Prof. Robert Bordo Receives 2014 De Niro Prize for Painting
POSTED ON: December 5, 2014
Robert Bordo, associate professor in the School of Art, has won the fourth annual Robert De Niro Sr. Prize and its $25,000 grant for his "considerable contribution to the field of painting." Administered by the Tribeca Film Institute and named after the father of its founder, actor Robert De Niro, the award focuses on a mid-career American artist devoted to the pursuit of excellence and innovation in painting. Professor Bordo, who has taught at The Cooper Union since 1995 and leads its painting program, will receive the award in a reception on December 10.
"I am honored and gratified to receive the award," Professor Bordo said in a phone call from his home in Williamsburg, Brooklyn. "I didn't know I was being considered. I got a call on my cell phone from Megan Fox Kelly, who advises the Estate of Robert De Niro, Sr., informing me I had won. Then I had to come to school. The news happily floated around in my consciousness, but the next day when I read the congratulatory email it sunk in and I was thrilled."
"What's even better about it is that the previous awardees are all my friends and are all really good artists," Bordo said. Stanley Whitney received the inaugural award in 2011, followed by Joyce Pensato and Catherine Murphy. "Stanley taught at Cooper as a visiting artist a few years ago," Prof. Bordo said. "I went to school with Joyce. I'm glad to be in a league with those other painters."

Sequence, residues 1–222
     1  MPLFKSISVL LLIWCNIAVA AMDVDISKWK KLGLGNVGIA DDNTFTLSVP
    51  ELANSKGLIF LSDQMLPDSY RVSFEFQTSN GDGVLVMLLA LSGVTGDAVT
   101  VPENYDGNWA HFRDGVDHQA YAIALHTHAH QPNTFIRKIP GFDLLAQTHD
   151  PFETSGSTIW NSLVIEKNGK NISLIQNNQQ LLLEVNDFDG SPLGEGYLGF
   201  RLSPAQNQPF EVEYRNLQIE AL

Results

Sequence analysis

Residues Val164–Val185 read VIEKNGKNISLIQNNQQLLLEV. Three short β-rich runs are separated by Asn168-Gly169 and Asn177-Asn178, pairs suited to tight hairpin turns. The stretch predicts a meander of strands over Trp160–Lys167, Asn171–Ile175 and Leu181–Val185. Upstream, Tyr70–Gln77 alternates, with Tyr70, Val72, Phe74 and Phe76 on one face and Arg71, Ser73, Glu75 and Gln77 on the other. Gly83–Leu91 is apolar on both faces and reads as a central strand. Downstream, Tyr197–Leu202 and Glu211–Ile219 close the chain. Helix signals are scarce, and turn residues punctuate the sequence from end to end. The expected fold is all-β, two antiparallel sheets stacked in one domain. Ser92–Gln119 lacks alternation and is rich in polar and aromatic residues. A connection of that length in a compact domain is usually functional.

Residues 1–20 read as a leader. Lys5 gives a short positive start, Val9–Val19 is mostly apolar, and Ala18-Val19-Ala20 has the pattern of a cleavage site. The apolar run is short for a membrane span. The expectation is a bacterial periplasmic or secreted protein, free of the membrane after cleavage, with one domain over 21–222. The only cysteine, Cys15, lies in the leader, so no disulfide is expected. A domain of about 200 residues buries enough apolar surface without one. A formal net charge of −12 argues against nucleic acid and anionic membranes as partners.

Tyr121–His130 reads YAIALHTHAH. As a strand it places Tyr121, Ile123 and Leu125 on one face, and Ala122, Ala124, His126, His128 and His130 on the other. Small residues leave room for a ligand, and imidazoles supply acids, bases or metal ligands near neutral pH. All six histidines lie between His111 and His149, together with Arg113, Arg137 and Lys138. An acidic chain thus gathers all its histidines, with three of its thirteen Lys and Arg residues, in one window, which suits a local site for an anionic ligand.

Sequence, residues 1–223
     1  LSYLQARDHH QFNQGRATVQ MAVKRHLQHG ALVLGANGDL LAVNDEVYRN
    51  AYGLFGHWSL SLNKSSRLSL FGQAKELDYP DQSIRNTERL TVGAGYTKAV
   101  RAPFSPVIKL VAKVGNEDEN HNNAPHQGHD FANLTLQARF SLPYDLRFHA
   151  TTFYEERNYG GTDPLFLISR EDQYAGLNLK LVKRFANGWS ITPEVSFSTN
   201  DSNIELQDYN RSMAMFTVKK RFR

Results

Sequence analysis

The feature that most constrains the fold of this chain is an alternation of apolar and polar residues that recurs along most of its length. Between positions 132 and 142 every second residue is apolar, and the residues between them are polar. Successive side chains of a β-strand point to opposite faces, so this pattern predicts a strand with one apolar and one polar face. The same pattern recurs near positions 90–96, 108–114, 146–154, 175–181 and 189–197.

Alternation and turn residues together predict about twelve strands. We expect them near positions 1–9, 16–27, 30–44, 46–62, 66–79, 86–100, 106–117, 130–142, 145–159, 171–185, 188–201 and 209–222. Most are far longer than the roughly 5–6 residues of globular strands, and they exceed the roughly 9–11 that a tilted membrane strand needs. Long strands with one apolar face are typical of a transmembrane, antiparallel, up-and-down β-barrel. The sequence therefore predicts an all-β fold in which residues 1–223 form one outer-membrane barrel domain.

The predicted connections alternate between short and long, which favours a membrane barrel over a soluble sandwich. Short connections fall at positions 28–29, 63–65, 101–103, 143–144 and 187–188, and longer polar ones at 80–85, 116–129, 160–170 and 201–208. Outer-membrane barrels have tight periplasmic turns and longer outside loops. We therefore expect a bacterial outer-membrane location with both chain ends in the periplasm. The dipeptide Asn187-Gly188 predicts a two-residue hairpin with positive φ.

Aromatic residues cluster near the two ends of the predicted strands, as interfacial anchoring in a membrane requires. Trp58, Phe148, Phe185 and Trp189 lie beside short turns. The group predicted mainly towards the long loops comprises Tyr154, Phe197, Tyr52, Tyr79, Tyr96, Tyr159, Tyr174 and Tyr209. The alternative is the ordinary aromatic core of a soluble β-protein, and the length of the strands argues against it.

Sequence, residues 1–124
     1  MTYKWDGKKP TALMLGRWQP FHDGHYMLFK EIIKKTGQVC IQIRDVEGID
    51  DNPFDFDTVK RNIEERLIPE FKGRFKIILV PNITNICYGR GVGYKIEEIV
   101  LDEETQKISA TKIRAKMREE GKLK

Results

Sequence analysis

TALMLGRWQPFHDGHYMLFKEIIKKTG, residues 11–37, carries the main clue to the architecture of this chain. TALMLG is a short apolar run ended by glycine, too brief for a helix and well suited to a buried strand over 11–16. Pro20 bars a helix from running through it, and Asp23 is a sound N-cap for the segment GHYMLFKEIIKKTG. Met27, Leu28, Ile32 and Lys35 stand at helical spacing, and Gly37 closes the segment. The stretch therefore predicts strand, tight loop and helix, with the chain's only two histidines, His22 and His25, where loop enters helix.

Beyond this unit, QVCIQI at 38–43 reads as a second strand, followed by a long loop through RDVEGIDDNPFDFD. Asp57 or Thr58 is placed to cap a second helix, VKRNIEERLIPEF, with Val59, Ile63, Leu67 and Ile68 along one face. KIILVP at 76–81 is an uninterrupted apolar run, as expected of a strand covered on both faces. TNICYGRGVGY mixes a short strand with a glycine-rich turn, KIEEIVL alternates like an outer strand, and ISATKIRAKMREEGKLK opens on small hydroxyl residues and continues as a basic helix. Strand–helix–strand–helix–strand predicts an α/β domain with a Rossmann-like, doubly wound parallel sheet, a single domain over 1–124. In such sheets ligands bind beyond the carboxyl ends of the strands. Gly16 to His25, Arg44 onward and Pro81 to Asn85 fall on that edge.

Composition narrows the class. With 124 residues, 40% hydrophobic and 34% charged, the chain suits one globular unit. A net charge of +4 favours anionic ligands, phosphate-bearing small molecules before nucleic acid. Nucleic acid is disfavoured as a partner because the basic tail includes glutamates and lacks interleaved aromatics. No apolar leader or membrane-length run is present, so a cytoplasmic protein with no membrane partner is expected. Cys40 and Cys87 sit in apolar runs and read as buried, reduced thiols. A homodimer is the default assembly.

A prize committee nominates candidates and selects the winner. The members of this year's committee were Richard Flood, director of special projects and curator at large at the New Museum, Thelma Golden, director and chief curator at The Studio Museum in Harlem and Lindsay Pollock, editor-in-chief at Art in America Magazine.
"Robert Bordo’s palette is unique," Richard Flood wrote in a statement accompanying the prize announcement. "The colors are poured into paintings that hover calmly between the representational and the abstract, refusing to relax into either genre. If beauty and unease are polar extremes in Bordo’s work, there is also humor mostly directed at his profession and the world in which it is practiced.”
What will Professor Bordo do with the prize money, which comes with no strings? "It will go back into the studio," Bordo said. "It's an award for painting. So the assumption is it will go into the work. But it will also help pay for a trip to Peru and a hike to Machu Picchu in June."